AB - X-ray Hybrid CMOS Detectors (HCDs) have advantages over X-ray CCDs due to their higher readout rate abilities, flexible readout, inherent radiation hardness, and low power, which make them more suitable for the next generation large-area X-ray telescope missions. The Penn State high energy astronomy laboratory has been working on the development and characterization of HCDs in collaboration with Teledyne Imaging Sensors (TIS). A custom-made H2RG detector with 36 μm pixel pitch and 18 μm ROIC shows an improved performance over standard H1RG detectors, primarily due to a reduced level of inter-pixel capacitance crosstalk (IPC). However, the energy resolution and the noise of the detector and readout system are still limited when utilizing a SIDECAR at non-cryogenic temperatures. We characterized an H2RG detector with a Cryo-SIDECAR readout and controller, and we find an improved energy resolution of ∼2.7 % at 5.9 keV and read noise of ∼6.5 e-. Detections of the ∼0.525 keV Oxygen Kα and ∼0.277 keV Carbon Kα lines with this detector display an improved sensitivity level at lower energies. This detector was successfully flown on NASA's first water recovery sounding rocket flight on April 4th, 2018. We have also been developing several new HCDs with potential applications for future X-ray astronomy missions. We are characterizing the performance of small-pixel HCDs (12.5 μm pitch), which are important for the development of a next-generation high-resolution imager with HCDs. The latest results on these small pixel detectors has shown them to have the best read noise and energy resolution to-date for any X-ray HCD, with a measured 5.5 e- read noise for a detector with in-pixel correlated double sampling. Event recognition in HCDs is another exciting prospect. We characterized a 64 × 64 pixel prototype Speedster-EXD detector that uses comparators in each pixel to read out only those pixels having detectable signal, thereby providing an order of magnitude improvement in the effective readout rate. Currently, we are working on the development of a large area Speedster-EXD with a 550 × 550 pixel array. HCDs can also be utilized as a large FOV instrument to study the prompt and afterglow emissions of GRBs and detect black hole transients. In this context, we are characterizing a Lobster-HCD system for future CubeSat experiments. This paper briefly presents these new developments and experimental results.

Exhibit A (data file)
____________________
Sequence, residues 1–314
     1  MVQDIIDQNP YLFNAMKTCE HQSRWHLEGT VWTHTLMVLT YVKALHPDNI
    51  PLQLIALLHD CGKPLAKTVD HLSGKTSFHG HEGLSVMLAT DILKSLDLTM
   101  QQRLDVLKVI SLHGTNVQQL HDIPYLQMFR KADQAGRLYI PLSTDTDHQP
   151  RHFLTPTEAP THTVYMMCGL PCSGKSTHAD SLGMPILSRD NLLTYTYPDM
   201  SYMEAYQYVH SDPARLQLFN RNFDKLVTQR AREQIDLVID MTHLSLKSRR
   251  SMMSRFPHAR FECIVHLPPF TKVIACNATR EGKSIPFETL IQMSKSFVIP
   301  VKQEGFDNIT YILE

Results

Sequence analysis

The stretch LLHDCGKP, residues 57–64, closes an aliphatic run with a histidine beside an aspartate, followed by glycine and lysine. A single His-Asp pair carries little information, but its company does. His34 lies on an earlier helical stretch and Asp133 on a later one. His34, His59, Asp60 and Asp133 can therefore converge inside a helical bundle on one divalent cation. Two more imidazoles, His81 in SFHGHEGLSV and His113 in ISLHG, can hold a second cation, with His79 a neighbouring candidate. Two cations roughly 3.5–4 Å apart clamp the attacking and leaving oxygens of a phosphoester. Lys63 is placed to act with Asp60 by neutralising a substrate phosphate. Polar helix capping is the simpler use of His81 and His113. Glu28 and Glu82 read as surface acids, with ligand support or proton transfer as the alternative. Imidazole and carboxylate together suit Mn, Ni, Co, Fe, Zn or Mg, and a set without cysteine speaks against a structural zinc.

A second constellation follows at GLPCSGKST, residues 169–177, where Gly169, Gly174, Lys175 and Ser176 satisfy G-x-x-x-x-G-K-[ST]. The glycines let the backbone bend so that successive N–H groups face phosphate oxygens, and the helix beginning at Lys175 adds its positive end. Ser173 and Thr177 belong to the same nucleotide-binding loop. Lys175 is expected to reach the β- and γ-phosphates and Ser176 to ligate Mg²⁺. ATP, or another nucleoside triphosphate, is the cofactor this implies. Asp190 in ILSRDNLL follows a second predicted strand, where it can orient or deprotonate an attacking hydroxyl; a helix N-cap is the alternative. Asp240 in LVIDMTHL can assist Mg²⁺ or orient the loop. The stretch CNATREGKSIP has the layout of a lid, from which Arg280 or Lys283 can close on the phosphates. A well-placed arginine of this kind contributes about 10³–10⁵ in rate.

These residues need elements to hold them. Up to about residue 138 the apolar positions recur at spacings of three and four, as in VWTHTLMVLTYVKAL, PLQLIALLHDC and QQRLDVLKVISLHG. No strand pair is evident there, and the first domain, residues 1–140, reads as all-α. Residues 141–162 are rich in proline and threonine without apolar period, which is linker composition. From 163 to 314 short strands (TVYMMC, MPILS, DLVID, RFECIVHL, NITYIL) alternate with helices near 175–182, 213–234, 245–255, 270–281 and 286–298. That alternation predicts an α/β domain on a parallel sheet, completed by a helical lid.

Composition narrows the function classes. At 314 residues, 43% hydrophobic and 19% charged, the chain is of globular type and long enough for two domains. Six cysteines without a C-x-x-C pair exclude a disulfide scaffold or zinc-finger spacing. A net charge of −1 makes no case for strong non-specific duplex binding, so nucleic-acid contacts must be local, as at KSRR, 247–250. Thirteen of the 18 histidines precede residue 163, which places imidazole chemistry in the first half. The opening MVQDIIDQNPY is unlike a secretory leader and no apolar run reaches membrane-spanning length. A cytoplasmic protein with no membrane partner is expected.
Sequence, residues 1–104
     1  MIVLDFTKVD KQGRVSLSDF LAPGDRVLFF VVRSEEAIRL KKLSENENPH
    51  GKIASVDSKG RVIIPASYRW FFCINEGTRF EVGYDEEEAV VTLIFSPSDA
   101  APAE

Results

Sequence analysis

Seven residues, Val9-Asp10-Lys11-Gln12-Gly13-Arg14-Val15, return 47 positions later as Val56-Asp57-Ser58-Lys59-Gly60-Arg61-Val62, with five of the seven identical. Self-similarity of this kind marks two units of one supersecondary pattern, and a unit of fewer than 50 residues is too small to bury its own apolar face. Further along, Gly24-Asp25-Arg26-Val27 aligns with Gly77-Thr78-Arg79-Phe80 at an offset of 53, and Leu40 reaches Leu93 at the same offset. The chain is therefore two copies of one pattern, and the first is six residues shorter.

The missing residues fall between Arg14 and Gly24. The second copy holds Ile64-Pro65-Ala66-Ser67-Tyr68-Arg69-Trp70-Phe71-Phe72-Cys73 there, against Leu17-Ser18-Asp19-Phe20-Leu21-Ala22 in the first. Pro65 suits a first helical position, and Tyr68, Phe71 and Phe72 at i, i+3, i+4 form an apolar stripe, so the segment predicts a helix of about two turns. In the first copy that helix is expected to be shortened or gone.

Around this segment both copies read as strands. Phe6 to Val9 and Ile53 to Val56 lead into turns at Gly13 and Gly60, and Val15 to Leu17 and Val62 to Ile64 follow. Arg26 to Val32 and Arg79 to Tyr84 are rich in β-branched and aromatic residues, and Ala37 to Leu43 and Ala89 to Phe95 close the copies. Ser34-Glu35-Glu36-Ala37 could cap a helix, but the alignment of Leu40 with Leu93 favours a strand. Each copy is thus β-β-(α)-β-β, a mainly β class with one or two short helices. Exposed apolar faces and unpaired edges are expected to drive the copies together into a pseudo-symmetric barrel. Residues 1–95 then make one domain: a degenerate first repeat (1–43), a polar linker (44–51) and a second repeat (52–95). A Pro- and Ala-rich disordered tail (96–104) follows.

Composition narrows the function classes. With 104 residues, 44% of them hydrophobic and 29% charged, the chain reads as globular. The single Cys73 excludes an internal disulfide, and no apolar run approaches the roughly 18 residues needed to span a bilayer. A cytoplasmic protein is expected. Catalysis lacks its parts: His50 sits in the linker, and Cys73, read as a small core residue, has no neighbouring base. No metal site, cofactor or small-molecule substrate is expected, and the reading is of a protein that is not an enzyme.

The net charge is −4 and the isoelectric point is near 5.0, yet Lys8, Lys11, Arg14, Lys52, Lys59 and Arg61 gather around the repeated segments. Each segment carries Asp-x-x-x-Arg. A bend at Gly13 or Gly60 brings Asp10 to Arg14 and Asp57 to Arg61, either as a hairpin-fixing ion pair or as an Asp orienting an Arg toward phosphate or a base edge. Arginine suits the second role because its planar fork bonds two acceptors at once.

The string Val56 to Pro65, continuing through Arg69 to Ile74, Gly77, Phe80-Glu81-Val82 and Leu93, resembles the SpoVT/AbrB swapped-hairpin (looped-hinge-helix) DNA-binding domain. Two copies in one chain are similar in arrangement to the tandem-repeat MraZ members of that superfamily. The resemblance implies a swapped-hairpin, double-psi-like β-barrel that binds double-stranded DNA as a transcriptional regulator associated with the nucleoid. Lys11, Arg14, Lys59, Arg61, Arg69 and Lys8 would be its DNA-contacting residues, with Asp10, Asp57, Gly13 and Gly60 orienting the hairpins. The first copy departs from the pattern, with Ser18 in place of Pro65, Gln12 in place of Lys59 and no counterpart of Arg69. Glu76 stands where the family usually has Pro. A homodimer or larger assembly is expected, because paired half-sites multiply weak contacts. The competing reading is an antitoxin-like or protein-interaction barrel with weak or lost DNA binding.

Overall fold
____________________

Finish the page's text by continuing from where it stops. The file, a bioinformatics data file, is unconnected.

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Chattopadhyay T, Falcone AD, Burrows DN, Hull S, Bray E, Wages M et al. X-ray hybrid CMOS detectors: Recent development and characterization progress. In Nikzad S, Den Herder J-WA, Nakazawa K, editors, Space Telescopes and Instrumentation 2018: Ultraviolet to Gamma Ray. SPIE. 2018. 106992E. (Proceedings of SPIE - The International Society for Optical Engineering). https://doi.org/10.1117/12.2312128